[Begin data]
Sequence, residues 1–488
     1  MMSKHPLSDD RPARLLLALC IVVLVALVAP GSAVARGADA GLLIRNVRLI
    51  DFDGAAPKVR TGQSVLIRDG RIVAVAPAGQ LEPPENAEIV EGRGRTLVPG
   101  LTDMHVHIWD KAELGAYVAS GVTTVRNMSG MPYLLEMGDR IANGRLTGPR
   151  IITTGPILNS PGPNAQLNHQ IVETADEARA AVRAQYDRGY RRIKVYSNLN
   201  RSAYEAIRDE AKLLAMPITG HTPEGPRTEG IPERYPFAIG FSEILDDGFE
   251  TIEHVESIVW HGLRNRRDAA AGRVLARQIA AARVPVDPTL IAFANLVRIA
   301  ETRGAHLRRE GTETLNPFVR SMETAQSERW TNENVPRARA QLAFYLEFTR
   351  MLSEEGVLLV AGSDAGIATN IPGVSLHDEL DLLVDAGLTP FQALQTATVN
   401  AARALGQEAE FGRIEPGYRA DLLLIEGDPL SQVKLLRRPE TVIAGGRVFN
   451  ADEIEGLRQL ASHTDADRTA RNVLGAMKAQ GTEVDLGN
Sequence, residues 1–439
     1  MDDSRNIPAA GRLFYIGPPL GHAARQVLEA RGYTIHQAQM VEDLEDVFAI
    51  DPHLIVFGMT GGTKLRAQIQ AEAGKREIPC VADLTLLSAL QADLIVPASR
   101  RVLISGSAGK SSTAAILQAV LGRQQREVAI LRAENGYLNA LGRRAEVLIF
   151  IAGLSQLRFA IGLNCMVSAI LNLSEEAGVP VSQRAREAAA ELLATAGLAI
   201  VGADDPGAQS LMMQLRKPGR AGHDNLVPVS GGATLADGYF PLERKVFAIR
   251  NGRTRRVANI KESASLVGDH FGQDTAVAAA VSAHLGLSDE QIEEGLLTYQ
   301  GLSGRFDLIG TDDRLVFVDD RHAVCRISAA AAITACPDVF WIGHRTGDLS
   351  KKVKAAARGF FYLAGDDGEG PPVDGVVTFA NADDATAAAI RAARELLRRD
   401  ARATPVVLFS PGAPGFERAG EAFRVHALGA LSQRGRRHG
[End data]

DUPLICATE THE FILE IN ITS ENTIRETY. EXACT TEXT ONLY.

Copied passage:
Sequence, residues 1–488
     1  MMSKHPLSDD RPARLLLALC IVVLVALVAP GSAVARGADA GLLIRNVRLI
    51  DFDGAAPKVR TGQSVLIRDG RIVAVAPAGQ LEPPENAEIV EGRGRTLVPG
   101  LTDMHVHIWD KAELGAYVAS GVTTVRNMSG MPYLLEMGDR IANGRLTGPR
   151  IITTGPILNS PGPNAQLNHQ IVETADEARA AVRAQYDRGY RRIKVYSNLN
   201  RSAYEAIRDE AKLLAMPITG HTPEGPRTEG IPERYPFAIG FSEILDDGFE
   251  TIEHVESIVW HGLRNRRDAA AGRVLARQIA AARVPVDPTL IAFANLVRIA
   301  ETRGAHLRRE GTETLNPFVR SMETAQSERW TNENVPRARA QLAFYLEFTR
   351  MLSEEGVLLV AGSDAGIATN IPGVSLHDEL DLLVDAGLTP FQALQTATVN
   401  AARALGQEAE FGRIEPGYRA DLLLIEGDPL SQVKLLRRPE TVIAGGRVFN
   451  ADEIEGLRQL ASHTDADRTA RNVLGAMKAQ GTEVDLGN
Sequence, residues 1–439
     1  MDDSRNIPAA GRLFYIGPPL GHAARQVLEA RGYTIHQAQM VEDLEDVFAI
    51  DPHLIVFGMT GGTKLRAQIQ AEAGKREIPC VADLTLLSAL QADLIVPASR
   101  RVLISGSAGK SSTAAILQAV LGRQQREVAI LRAENGYLNA LGRRAEVLIF
   151  IAGLSQLRFA IGLNCMVSAI LNLSEEAGVP VSQRAREAAA ELLATAGLAI
   201  VGADDPGAQS LMMQLRKPGR AGHDNLVPVS GGATLADGYF PLERKVFAIR
   251  NGRTRRVANI KESASLVGDH FGQDTAVAAA VSAHLGLSDE QIEEGLLTYQ
   301  GLSGRFDLIG TDDRLVFVDD RHAVCRISAA AAITACPDVF WIGHRTGDLS
   351  KKVKAAARGF FYLAGDDGEG PPVDGVVTFA NADDATAAAI RAARELLRRD
   401  ARATPVVLFS PGAPGFERAG EAFRVHALGA LSQRGRRHG